Actually, I think this is a Warren Buffett quote but I could not document it. Buffett believes that when you buy something you should be willing to hold it even if the market were to be closed for the next ten years. He subscribes to the idea that day-to-day fluctuation in prices are based on noise and not a considered evaluation of long-term fundamentals.
That was the week that was
It was a perfect example of foolish people, or foolish computer antics, as the market gyrated wildly on presidential tweets about trade negotiations. Last Sunday it was the tweet threatening a more-than-doubling of tariffs and new tariffs on Chinese goods, followed during the week by the president’s statements accusing China of reneging on the deal. The president then went on with a tweet stating that there was “no hurry” getting back to the table (a tweet he subsequently pulled down).
The market responded with a week of volatility, 500 point swings in the Dow Jones Industrial Average. The S&P 500 closed the week down 2.5% from its May 1, all-time-high of 2954. According to Barron’s magazine and its “Up and Down Wall Street” column, “Global stock markets shed an estimated $2 trillion in value from Monday through Thursday, or about 3%, based on the Datastream World index from Refinitiv, The Wall Street Journal reported. Those losses came ahead of the Trump administration’s threatened hike in tariffs to 25% from 10% on $200 billion in goods from China, which took effect a minute after midnight on Friday on the East Coast.”
Friday saw a return to some sanity as the as Chinese, Vice Premier Liu headed back to China with both sides agreeing to continue talking. Both the Dow and the S&P closed higher on he day but still down on the week.
Are our trade issues with China a tempest in a teapot?
What’s the worst case?
A little perspective may be helpful at this point. Our total trade/ exports into China in 2018 was $189 billion [manufactured goods($120 Billion), ag products (10 billion) and services ($59 billion)]. This represents less than 1% of of estimated 2019 US GDP. Total US employment involved in this market is estimated at 911,000 full-time employees.This represents 7/10 of one percent of the 128,000,000 Americans that had full-time employment in 2018.
Worst Case: this trade (balanced or not) all goes away for both countries and trade war morphs into real war … very unlikely. You have to ask before the hot war begins, who’s the biggest loser here? It is not the Chinese. It’s US consumers who will have to pay ever increasing prices (as the tariffs are passed thru) for those Chinese sourced goods they are buying at Walmart, Target and Costco. Effectively the tariffs are a tax increases on US citizens, not China.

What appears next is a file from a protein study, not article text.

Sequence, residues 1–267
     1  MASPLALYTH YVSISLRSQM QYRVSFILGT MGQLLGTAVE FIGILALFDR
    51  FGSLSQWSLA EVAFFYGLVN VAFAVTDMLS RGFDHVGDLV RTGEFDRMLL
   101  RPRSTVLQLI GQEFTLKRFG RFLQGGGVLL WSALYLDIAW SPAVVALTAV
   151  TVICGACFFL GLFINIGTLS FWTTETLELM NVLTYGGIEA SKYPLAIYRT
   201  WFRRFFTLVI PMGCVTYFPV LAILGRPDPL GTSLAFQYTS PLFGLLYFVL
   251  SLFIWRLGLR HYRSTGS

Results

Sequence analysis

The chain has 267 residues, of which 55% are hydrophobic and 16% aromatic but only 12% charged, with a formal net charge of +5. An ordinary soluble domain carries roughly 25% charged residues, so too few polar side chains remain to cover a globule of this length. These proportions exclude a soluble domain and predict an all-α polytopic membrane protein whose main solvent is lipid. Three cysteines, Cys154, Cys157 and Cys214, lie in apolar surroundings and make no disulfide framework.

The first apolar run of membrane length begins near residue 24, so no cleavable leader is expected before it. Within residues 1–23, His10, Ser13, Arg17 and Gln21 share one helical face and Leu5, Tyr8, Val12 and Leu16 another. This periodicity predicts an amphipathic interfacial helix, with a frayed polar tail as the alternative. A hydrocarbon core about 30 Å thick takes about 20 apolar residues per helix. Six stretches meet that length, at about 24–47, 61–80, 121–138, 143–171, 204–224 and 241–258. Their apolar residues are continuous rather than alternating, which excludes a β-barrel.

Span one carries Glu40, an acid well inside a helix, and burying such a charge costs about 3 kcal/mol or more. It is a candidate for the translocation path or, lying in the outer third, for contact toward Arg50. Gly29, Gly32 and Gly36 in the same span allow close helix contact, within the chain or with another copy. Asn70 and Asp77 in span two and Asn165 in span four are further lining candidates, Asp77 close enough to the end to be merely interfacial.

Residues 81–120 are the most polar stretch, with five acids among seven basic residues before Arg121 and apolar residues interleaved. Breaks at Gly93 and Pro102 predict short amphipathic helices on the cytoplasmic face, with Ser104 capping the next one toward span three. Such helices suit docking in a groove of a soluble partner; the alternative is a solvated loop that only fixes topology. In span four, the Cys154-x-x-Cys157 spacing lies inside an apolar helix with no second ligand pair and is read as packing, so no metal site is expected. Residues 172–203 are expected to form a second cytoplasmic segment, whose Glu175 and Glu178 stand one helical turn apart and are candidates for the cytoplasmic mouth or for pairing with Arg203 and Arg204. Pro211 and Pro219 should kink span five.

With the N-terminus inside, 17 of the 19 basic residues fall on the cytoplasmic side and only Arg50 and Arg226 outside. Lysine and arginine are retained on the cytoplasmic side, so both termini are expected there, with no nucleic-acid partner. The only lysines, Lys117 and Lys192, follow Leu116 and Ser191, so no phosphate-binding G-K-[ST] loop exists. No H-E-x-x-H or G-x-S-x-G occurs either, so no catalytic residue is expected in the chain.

Meanwhile, like US farmers, those other sectors of the the economy hurt by the tariffs may be thrown bailout bones (maybe) … another cost borne by US taxpayers.
Worst case — although there were times last week that the market acted like this scenario was imminent (people were throwing away stocks), it is not.
An accord will be reach. Why? It is obvious that it is in China’s best interest; and, In the final analysis our president, a man facing many non-governmental problems, really wants another four years in the White House. He needs to be able to point to a vibrant economy as evidenced in part by a strong stock market. Of course, a real or proclaimed victory on the trade front would be a desirable feather in his cap.
So, don’t be one of those foolish people …
Who panicked at the mere mention of tariffs and don’t be foolish like bond king, Jeffrey Gundlach, who again has called the end of the bull market. Market predicting is a very difficult game. This is something he has done several times in the past few years. Each time he has come a cropper. The link below is from last Tuesday, just as the tariff scare was beginning to bloom.
What a great time to make this call … throwing a little gasoline on the fire … scaring people … helping to fulfill his own prophecy. He did the same thing just before the 2018 Christmas Eve Massacre … “Jeffrey Gundlach — S&P 500 headed to new lows.” Why does CNBC keep featuring this guy? I think we all know the answer …if it bleeds, it leads. On a more cynical note, Gundlach may have been short equities before he made the call. Of course, he should have been. He runs a large hedge fund.
My continued recommendation — Stay the course.
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